BISMARCK, N.D. — A newly married lesbian couple is poised to become the first to challenge South Dakota’s ban on same-sex marriage following the state’s refusal to grant the women a name change after they were legally married in Minnesota.
The couple, Jenny and Nancy Rosenbrahn, plan to file the lawsuit next week in federal court, according to their attorney, Joshua Newville.
The Minneapolis-based lawyer said Thursday he also has been talking with couples looking to file suit in North Dakota, which along with South Dakota and Montana are the only states with gay marriage bans that haven’t been challenged in court, according to gay-rights advocacy group Human Rights Campaign.
“Our focus right now is to get filed in South Dakota and to focus on the case in front of us in the immediate short term,” Newville said Thursday, but “we are very seriously contemplating filing in North Dakota.”
The couple’s Minnesota marriage license reads Jenny and Nancy Rosenbrahn, a last name that combines each of their original last names. But when Nancy Robrahn, 68, and Jennie Rosenkranz, 72, who live in Rapid City, went to the Pennington County courthouse to legally change their last names last week, they were denied.
That denial gave the women grounds to challenge a provision in federal law that allows states to not recognize same-sex marriages performed elsewhere, Newville said.
South Dakota Attorney General Marty Jackley’s office didn’t immediately return an after-hours phone message for comment Thursday. But Jackley has said he would defend the constitutional ban if a lawsuit were filed, noting that his responsibility as attorney general is to defend state laws.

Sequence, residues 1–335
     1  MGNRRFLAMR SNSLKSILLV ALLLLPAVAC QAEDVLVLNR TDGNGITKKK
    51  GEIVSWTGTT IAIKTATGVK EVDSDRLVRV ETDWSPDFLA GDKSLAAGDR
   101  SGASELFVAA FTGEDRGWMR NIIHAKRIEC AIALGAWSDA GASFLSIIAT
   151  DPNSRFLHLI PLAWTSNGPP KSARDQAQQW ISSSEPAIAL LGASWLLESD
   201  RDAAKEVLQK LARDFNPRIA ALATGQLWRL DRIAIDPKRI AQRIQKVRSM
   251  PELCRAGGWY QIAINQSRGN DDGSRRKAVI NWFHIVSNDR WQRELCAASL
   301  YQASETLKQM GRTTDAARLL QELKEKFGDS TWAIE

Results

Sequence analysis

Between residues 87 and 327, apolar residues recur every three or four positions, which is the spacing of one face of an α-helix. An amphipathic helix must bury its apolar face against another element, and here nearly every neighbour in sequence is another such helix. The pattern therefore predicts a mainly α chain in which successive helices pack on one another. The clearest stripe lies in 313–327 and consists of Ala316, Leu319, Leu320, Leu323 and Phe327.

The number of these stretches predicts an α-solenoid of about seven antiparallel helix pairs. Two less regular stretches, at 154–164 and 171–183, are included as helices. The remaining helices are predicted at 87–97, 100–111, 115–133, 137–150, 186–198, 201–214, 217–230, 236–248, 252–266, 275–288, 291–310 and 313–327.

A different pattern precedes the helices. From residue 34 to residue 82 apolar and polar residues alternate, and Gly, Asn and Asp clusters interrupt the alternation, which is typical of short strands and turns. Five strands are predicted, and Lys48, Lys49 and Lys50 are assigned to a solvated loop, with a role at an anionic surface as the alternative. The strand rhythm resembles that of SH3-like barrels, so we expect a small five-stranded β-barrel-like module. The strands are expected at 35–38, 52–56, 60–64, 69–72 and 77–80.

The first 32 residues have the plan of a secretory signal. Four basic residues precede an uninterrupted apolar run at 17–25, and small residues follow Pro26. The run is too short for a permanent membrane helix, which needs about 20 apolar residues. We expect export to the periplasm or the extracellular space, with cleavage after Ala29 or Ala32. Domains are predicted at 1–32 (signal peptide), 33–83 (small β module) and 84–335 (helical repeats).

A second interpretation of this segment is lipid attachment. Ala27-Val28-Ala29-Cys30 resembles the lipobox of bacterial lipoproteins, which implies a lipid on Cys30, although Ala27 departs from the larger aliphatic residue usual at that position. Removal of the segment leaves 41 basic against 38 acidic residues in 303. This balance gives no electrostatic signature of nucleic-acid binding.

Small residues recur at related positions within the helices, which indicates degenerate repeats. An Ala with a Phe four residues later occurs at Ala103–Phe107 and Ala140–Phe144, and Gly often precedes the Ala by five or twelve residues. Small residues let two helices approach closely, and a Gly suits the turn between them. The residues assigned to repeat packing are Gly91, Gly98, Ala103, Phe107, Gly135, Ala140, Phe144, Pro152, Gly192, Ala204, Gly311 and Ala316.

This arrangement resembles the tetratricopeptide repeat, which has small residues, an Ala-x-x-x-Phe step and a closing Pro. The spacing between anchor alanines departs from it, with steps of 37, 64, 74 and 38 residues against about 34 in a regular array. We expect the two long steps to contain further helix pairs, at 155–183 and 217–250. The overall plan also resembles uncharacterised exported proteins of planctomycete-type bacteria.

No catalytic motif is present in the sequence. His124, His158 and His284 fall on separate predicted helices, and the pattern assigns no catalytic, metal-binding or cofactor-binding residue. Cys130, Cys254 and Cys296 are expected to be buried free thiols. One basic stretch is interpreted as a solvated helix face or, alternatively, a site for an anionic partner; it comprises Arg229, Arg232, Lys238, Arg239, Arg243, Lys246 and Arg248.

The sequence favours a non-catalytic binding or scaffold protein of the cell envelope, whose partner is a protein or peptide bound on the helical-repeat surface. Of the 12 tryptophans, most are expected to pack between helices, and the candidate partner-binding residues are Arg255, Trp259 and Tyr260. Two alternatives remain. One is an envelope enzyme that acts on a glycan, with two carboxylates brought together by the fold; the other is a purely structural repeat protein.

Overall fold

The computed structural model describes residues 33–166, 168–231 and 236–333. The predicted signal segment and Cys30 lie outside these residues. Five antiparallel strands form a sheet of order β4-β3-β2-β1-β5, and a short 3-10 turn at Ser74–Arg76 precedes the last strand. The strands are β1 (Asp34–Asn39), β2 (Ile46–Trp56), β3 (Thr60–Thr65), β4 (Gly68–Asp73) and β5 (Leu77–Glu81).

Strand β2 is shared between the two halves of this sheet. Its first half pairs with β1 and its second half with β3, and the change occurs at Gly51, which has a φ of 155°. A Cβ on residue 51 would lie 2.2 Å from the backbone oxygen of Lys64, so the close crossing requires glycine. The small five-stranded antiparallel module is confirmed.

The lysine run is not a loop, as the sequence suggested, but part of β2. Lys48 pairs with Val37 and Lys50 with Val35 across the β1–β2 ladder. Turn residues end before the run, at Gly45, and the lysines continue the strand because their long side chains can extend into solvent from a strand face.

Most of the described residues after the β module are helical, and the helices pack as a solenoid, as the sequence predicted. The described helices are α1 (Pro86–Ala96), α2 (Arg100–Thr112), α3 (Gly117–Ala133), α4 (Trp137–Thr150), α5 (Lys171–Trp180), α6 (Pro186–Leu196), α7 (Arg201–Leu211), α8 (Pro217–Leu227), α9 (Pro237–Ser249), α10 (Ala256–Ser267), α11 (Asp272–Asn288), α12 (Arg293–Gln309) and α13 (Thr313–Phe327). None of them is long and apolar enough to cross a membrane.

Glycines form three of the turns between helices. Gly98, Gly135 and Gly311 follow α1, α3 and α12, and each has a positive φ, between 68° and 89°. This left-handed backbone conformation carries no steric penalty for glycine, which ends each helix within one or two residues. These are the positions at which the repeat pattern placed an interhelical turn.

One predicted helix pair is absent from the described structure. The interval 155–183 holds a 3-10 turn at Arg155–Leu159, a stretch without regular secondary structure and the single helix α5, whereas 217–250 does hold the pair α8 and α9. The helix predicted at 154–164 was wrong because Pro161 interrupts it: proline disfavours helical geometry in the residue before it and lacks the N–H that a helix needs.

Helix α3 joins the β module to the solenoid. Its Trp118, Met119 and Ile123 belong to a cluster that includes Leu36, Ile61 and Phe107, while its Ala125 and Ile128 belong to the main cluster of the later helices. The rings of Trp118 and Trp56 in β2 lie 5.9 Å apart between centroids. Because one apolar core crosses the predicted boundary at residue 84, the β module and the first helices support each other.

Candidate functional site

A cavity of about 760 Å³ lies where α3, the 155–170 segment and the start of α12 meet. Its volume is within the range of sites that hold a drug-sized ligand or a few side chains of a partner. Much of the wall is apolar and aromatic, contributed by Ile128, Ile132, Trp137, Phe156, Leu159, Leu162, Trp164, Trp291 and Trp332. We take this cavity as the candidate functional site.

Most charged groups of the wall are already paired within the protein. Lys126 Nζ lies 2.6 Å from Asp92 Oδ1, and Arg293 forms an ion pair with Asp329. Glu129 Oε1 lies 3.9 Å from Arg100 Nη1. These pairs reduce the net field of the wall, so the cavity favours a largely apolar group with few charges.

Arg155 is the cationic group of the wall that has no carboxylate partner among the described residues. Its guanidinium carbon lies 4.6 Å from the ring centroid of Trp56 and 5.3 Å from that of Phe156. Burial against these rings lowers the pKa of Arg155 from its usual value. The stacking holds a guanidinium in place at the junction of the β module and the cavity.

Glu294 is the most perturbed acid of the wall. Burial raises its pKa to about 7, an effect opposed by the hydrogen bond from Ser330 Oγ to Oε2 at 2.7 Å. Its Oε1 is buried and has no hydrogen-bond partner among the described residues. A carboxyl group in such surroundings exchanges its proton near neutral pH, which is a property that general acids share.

Opponents of same-sex marriage said lawsuits in either state wouldn’t be surprising, given what has happened around the country.
South Dakota voters narrowly approved the state’s constitutional ban in 2006, with 52 percent of the vote. But North Dakota’s ban was overwhelming approved by voters – passing with 73 percent of the vote – in 2004.
Tom Freier, executive director of the North Dakota Family Alliance, which campaigned to bring the measure to the ballot in 2004, said he suspected a North Dakota lawsuit would face a strong challenge.
“I think foundationally, the people of North Dakota are really strong in their beliefs on these sorts of issues,” Freier said Thursday.
Mara Fogarty, a member of the Pride Collective and Community Center Board in Fargo, North Dakota, which provides resources for LGBT residents, said there’s a lot of interest – and fear – in challenging the ban. She noted that under North Dakota’s non-discrimination policy, sexual orientation and gender identity are not protected classes for matters such as housing and employment, “so a lot of people are afraid to stand up and make that happen.”
“I know that people really, really are hopeful,” she added. “It’s a lot of hope, but not a lot of faith.”
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